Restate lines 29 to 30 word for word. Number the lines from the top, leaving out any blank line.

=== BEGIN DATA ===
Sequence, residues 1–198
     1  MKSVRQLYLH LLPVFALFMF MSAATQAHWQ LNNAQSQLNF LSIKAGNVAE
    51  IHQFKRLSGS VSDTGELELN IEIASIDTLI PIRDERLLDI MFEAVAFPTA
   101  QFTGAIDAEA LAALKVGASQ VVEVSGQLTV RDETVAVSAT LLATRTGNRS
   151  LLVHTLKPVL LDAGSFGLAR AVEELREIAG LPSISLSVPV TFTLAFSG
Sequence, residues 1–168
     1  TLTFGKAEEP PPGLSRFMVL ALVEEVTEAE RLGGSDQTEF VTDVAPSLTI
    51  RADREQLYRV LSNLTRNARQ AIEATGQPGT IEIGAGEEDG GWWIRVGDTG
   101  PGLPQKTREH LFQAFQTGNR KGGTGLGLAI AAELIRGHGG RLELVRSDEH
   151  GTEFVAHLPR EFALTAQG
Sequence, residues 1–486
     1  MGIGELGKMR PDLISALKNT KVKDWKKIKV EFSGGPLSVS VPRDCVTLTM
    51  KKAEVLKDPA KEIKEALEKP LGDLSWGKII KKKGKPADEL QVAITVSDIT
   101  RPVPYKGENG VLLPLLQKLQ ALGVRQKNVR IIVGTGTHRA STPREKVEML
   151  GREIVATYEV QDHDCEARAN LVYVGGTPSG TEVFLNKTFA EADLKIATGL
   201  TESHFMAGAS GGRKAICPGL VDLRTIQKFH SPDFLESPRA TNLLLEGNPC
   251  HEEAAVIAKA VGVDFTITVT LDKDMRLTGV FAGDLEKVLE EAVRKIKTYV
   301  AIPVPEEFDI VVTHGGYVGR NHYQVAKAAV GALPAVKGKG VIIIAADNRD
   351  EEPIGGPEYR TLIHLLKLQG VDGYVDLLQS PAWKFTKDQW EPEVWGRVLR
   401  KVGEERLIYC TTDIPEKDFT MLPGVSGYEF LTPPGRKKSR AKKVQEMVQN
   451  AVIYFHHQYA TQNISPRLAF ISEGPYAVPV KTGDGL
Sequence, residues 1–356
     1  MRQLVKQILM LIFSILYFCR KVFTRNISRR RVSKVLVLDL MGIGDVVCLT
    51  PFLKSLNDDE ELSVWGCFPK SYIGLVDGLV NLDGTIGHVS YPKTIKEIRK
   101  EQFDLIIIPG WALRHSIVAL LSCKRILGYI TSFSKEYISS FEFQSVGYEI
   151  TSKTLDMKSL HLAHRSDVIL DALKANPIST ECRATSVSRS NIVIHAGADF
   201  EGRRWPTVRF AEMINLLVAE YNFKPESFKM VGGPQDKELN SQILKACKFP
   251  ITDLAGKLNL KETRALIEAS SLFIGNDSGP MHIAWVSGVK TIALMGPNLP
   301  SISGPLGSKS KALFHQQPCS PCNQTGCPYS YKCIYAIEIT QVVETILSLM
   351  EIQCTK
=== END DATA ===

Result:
   301  SISGPLGSKS KALFHQQPCS PCNQTGCPYS YKCIYAIEIT QVVETILSLM
   351  EIQCTK